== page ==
An Argument Against Space…

I strongly believe that we humans will have to go to space, as I strongly doubt that God made an uncountable number of empty worlds for no reason.

BUT, there are two good arguments that suggest that we won’t be doing so before the Second Coming, due many thousands (or hundreds of thousands…) of years from now.

FIRST, the Dominion Covenant of Genesis 1:26-31 makes no mention of men ruling other worlds:

Then God said, “Let Us make man in Our image, according to Our likeness; let them have dominion over the fish of the sea, over the birds of the air, and over the cattle, over all[b] the earth and over every creeping thing that creeps on the earth.” So God created man in His own image; in the image of God He created him; male and female He created them. Then God blessed them, and God said to them, “Be fruitful and multiply; fill the earth and subdue it; have dominion over the fish of the sea, over the birds of the air, and over every living thing that moves on the earth.”

And God said, “See, I have given you every herb that yields seed which is on the face of all the earth, and every tree whose fruit yields seed; to you it shall be for food. Also, to every beast of the earth, to every bird of the air, and to everything that creeps on the earth, in which there is life, I have given every green herb for food”; and it was so. Then God saw everything that He had made, and indeed it was very good. So the evening and the morning were the sixth day.

An argument can be made that other worlds could be considered other earths. And, with our accelerating technology and with post-millennial assumptions that we have several thousands of generations to go (in a gradually improving, increasingly godly humanity over the centuries), it is likely that we should be able to terraform worlds before the year AD 3000.

But still, the plain sense of the reading can be reasonably read to assume that there is only one earth we can live in: even terraforming Mars – the easiest world – is exceedingly expensive. It would be far cheaper to comfortably house trillions in the sea, under the earth, or in earth-bound towers than to properly terraform Mars, complete with magnetic core (Even assuming radically inproved 3D printing, nanotech, and the rest of the ‘far-future’ technologies.)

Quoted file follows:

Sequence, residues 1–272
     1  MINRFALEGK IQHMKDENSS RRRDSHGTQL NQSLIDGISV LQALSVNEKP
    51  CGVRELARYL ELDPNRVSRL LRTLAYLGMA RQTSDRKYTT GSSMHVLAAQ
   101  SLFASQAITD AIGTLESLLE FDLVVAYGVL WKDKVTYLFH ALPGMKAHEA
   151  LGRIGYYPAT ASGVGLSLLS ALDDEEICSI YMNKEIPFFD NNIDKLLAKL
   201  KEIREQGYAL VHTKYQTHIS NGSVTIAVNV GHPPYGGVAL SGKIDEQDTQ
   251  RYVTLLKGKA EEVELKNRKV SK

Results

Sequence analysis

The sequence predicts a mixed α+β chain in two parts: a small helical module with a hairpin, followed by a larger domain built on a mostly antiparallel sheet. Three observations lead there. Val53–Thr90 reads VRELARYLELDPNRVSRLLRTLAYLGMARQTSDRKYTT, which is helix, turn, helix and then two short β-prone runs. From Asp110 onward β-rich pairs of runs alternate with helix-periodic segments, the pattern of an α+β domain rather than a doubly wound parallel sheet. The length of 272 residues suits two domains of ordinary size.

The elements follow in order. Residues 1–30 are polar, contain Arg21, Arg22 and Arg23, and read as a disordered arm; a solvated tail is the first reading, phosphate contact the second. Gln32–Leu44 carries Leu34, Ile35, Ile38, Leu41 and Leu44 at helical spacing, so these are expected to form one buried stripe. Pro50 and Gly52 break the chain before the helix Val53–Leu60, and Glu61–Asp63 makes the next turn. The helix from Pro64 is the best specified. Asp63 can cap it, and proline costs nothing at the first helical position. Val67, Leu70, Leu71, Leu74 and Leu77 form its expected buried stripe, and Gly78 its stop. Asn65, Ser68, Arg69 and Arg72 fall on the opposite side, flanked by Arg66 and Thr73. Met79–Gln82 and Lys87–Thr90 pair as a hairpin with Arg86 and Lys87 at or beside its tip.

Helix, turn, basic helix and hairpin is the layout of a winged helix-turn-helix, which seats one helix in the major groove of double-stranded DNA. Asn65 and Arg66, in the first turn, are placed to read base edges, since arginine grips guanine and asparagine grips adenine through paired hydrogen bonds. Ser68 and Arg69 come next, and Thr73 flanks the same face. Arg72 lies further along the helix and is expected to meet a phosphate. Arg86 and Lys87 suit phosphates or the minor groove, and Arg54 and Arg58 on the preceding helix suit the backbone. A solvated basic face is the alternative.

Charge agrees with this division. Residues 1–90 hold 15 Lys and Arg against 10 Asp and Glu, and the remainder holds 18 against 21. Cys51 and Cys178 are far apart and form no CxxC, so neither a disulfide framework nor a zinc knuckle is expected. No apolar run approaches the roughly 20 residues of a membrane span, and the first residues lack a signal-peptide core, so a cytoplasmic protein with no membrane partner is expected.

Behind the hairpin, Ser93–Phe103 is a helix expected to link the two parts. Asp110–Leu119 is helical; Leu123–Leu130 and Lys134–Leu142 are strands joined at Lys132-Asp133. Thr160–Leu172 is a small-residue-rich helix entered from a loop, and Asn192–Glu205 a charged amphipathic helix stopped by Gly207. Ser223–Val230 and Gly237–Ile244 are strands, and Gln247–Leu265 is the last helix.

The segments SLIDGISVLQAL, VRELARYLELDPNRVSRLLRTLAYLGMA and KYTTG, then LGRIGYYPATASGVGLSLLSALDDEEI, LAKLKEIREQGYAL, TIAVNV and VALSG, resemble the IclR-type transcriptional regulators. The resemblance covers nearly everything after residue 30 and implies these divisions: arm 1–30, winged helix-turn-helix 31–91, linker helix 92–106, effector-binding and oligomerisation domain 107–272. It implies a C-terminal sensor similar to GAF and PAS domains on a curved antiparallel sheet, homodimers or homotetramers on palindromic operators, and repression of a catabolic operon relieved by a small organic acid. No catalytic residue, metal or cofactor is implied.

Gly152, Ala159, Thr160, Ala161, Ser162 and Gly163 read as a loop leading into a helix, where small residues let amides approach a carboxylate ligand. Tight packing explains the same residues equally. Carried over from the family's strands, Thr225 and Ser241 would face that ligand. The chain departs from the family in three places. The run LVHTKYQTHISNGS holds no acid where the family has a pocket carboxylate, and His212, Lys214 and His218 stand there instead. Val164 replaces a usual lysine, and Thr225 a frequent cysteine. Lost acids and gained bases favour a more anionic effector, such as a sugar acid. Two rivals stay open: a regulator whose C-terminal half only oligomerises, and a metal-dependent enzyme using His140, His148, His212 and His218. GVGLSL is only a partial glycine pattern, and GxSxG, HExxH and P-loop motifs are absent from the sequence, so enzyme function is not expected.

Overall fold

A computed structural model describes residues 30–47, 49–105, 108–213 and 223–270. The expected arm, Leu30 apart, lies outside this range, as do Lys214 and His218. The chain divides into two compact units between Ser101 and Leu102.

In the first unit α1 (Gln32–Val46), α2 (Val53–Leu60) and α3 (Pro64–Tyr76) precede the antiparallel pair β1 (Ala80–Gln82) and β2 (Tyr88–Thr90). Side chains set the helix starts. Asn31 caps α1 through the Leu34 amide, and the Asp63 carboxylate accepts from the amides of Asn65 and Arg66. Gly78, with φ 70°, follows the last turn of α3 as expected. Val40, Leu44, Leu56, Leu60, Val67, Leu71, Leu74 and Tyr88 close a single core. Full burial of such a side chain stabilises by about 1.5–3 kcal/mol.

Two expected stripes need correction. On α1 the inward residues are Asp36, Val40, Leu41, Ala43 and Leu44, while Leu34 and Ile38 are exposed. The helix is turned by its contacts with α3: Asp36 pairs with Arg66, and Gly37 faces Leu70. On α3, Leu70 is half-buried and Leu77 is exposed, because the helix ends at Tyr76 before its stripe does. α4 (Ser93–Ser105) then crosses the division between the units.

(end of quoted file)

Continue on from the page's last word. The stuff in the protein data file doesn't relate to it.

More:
SECOND, wherever men go, so does war.

Right now, there is a sharp decline in top-tier warfare, as nuclear weapons make such a war very fatal for the power-elites that typically benefit from such conflicts. The failure of war has spread, to the extent that the U.S. military, the most powerful armed force on the planet, cannot decisively win a conflict against ~4,000 or so guerrillas in Afghanistan.

(Elsewhere, it is more potent – see the recent French war in Mali – but even the French have no interest in staying long-term in that nation. Meanwhile, in Syria…)

The ability to travel to other worlds imply the ability to sterilize said worlds, by nuclear-tipped weapons, warp-drive weapons, factional-c weapons, grey goo weapons, and whatever cruel devises sinful men can come up with.

This suggests that, soon after any interstellar empire is built, said empire will be replaced with a large number of radioactive ruins and slaughtered populations. It is reasonable to assume that such slaughter will leave humanity far worse than if they had simply remained on Earth, fearful only of the murderous tools we have already created by our own hands, instead of inventing new ones.

If we do go into space, articles like How to Tell a True War Story and Who Did You Rape in the War, Daddy? make it clear that organized violence will have to be left behind.

I don’t believe that men can do that.

Just because humans are innately evil, though, does not mean that we can’t expand into space to some extent before joyfully slaughtering ourselves over some laughable justification or other. If FTL travel remains impossible, the cost of interstellar war soars beyond conception, making it impossible for all for the foreseeable future. And even our evil nature is increasingly restricted, with steadily declining violence over the last millennia. No one ever managed to have a large-scale revival of the Roman gladiators, the Aztecs are gone for good, and it’s unlikely that either forms of Socialism will ever again have a mass following.

It’s unlikely that widespread abortion will outlast the destruction of our materialistic Lord and Saviour, the State, even assuming the universal ability to 3D print as many abortion pills as you please. The children of the future will be descended from religious parents with a rigid moral code, not sterile secularists who explicitly deny any unchanging law beyond the authority of the State.


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